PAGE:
Hillary Clinton sent an inspiring letter to this 8-year-old girl who lost her school election by just one vote.
Morales family photo.

Eight-year-old Martha Kennedy Morales ran a competitive campaign for class president at Friend Community School College Park in Maryland. The third grader, who is in a combined third and fourth grade class, lost by just one vote to a male classmate, a popular fourth-grader.

Defeat can be disappointing on any level – from national to regional to scholastic – and words of wisdom can offer encouragement when one would otherwise give up. And that’s exactly what Martha got.

When Hillary Clinton heard the election results (which Martha’s father posted on Facebook), she sent a letter of encouragement.

“My mom was just picking me up from school, and she pulled the letter out of her purse,” Martha told the Washington Post. “I opened it up, and it was a letter from Hillary Clinton. I was very surprised.”


“I learned from your father, Albert’s post on Facebook about your election experience running for Class President,” read the letter. “Congratulations on being elected Vice President!”

“While I know you may have been disappointed that you did not win President, I am so proud of you for deciding to run in the first place. As I know too well, it’s not easy when you stand up and put yourself in contention for a role that’s only been sought by boys.”

The letter encouraged Morales to keep going.

“The most important thing is that you fought for what you believed in, and that is always worth it. As you continue to learn and grow in the years ahead, never stop standing up for what is right and seeking opportunities to be a leader, and know that I am cheering you on for a future of great success.”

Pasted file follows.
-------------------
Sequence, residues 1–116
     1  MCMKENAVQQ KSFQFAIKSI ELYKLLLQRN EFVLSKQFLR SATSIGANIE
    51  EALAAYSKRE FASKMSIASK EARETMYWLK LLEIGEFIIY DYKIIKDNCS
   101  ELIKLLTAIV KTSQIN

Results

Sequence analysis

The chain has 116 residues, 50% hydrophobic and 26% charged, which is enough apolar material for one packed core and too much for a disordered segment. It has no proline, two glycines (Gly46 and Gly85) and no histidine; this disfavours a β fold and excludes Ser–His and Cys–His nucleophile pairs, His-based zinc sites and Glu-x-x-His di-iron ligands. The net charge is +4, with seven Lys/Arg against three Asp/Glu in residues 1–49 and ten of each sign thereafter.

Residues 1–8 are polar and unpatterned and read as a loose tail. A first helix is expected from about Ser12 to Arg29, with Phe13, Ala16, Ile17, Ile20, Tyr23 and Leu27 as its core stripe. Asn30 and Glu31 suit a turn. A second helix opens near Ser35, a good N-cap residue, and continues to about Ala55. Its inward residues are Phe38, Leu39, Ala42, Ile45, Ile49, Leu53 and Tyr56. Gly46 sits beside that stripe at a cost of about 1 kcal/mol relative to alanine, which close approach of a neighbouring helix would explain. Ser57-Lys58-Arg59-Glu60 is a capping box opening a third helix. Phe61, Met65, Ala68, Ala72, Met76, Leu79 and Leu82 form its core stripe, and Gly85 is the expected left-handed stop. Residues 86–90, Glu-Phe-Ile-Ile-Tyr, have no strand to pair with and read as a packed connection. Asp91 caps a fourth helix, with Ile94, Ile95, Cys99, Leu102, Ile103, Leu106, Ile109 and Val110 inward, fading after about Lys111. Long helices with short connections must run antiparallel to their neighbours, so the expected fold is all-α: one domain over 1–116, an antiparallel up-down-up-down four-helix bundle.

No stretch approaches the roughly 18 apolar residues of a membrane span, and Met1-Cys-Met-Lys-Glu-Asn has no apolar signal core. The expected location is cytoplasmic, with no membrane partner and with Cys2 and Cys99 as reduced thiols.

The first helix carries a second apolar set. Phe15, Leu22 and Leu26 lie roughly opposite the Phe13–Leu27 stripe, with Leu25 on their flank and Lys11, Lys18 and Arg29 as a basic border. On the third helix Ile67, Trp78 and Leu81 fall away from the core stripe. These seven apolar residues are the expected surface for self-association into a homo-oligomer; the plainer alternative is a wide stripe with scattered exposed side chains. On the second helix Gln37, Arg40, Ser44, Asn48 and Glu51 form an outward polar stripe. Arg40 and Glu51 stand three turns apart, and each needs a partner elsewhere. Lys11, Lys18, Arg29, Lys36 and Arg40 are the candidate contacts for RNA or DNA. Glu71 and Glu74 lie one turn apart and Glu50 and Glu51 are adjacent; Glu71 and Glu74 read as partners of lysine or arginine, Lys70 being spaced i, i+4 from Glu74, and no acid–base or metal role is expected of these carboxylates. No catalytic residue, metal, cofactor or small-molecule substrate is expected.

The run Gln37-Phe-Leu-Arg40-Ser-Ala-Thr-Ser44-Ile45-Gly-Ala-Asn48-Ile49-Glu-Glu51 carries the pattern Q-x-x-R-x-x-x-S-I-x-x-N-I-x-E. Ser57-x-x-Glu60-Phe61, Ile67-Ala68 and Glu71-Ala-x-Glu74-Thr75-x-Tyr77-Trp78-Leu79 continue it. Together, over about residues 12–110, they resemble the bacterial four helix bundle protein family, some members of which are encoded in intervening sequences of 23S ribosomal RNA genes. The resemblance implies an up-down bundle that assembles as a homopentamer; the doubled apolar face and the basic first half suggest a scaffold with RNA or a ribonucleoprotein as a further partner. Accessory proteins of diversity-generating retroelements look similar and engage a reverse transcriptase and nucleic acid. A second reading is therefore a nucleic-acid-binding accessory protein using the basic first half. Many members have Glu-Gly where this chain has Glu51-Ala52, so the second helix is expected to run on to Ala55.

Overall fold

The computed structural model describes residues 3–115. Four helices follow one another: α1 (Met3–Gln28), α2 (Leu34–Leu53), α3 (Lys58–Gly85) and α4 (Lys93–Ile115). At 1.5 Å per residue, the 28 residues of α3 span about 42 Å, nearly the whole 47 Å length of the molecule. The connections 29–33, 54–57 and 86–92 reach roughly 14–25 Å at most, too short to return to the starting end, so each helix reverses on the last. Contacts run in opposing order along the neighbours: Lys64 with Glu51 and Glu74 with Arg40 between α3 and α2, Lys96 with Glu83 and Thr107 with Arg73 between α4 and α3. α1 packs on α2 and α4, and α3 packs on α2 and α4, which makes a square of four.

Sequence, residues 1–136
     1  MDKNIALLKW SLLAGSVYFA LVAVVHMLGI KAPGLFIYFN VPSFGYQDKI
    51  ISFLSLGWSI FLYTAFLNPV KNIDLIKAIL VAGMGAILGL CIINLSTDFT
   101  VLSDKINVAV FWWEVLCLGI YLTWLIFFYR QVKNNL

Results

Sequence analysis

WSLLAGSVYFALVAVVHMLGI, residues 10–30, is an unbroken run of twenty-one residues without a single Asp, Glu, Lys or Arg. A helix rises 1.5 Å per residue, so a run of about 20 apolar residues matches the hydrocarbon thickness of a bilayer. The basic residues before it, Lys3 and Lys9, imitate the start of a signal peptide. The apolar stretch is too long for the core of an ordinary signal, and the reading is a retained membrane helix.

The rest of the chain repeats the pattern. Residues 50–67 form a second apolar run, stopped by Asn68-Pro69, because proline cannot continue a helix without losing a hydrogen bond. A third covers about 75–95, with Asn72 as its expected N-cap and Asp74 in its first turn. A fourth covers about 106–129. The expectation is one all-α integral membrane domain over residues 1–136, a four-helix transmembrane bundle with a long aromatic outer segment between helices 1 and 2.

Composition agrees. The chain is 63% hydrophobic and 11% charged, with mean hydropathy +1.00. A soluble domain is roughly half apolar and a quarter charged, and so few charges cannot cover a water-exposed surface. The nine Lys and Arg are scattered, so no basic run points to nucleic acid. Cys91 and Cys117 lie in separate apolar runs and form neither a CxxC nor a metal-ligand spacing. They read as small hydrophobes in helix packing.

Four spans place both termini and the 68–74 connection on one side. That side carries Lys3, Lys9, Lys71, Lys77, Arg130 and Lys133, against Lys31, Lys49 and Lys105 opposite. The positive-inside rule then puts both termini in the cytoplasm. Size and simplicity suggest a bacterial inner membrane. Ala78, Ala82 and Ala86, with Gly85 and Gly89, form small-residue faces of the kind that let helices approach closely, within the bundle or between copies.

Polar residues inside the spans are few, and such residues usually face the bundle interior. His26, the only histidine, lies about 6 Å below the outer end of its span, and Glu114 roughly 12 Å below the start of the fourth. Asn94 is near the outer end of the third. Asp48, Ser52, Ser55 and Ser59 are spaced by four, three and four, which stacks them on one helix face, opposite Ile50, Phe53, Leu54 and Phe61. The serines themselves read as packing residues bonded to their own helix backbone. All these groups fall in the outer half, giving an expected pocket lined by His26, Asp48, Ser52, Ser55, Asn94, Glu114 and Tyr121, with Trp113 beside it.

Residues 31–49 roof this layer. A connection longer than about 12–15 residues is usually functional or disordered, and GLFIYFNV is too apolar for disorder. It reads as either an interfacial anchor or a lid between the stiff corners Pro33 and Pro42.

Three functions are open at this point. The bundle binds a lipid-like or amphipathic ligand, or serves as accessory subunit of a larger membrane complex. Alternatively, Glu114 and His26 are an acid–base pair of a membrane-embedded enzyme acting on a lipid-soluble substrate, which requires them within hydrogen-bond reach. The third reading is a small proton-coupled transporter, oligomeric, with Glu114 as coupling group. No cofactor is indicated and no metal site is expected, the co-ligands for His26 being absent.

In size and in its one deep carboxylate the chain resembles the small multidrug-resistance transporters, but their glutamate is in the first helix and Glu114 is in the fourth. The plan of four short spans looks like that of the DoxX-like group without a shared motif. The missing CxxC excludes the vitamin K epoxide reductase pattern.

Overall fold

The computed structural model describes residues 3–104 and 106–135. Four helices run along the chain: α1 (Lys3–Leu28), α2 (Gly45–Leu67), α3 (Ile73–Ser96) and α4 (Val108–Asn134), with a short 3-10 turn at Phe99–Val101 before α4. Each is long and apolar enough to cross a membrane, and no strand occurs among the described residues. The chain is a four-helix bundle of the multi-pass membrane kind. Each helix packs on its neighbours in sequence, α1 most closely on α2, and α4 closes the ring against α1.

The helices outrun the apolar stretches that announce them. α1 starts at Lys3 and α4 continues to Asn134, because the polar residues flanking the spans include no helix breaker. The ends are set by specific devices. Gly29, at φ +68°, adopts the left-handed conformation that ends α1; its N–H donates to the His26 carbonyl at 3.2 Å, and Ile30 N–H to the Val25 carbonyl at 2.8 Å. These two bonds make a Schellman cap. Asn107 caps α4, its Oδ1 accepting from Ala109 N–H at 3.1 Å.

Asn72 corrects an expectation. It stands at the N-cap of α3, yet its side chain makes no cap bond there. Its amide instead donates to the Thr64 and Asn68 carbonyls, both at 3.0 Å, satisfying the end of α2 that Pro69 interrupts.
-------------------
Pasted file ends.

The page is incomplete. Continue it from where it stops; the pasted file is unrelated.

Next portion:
Nick Merrill, spokesman for Clinton, confirmed the letter is authentic, while Martha confirmed that she is moved. “It was really touching to know that Hillary Clinton herself sent me a letter,” Martha told CNN. “That doesn’t happen every day.”

Martha was made class Vice President and says she’s happy with her newly appointed position.

"I'm happy I get to be the tie-breaker when the House and the Senate can't agree on something,” Martha told the Washington Post.

In an interview with CNN Newsroom, Martha confessed she was bummed out by the election results. “It's disappointing to figure out that you lost something that you fought for really hard and you put a lot of effort into it,” said Martha. However, the eight-year-old’s spirit won’t be broken, and she says she had plans to run for class president again should the opportunity occur.

But as for Martha’s immediate plans? The eight-year-old is fostering a relationship with her new pen pal by working on a thank you note.

The full letter is included below:

Dear Martha:

I learned from your father, Albert’s post on Facebook about your election experience running for Class President at . . . . Congratulations on being elected Vice President!

While I know you may have been disappointed that you did not win President, I am so proud of you for deciding to run in the first place. As I know too well, it’s not easy when you stand up and put yourself in contention for a role that’s only been sought by boys. The most important thing is that you fought for what you believed in, and that is always worth it. As you continue to learn and grow in the years ahead, never stop standing up for what is right and seeking opportunities to be a leader, and know that I am cheering you on for a future of great success.

With best wishes and warm regards, I am

Sincerely yours,

Hillary Rodham Clinton
True

Anne Hebert, a marketing writer living in Austin, TX, jokes that her closest friends think that her hobby is "low-key harassment for social good". She authors a website devoted entirely to People Doing Good Things. She's hosted a yearly canned food drive with up to 150 people stopping by to donate, resulting in hundreds of pounds of donations to take to the food bank for the past decade.

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Photo by Phillip Goldsberry on Unsplash

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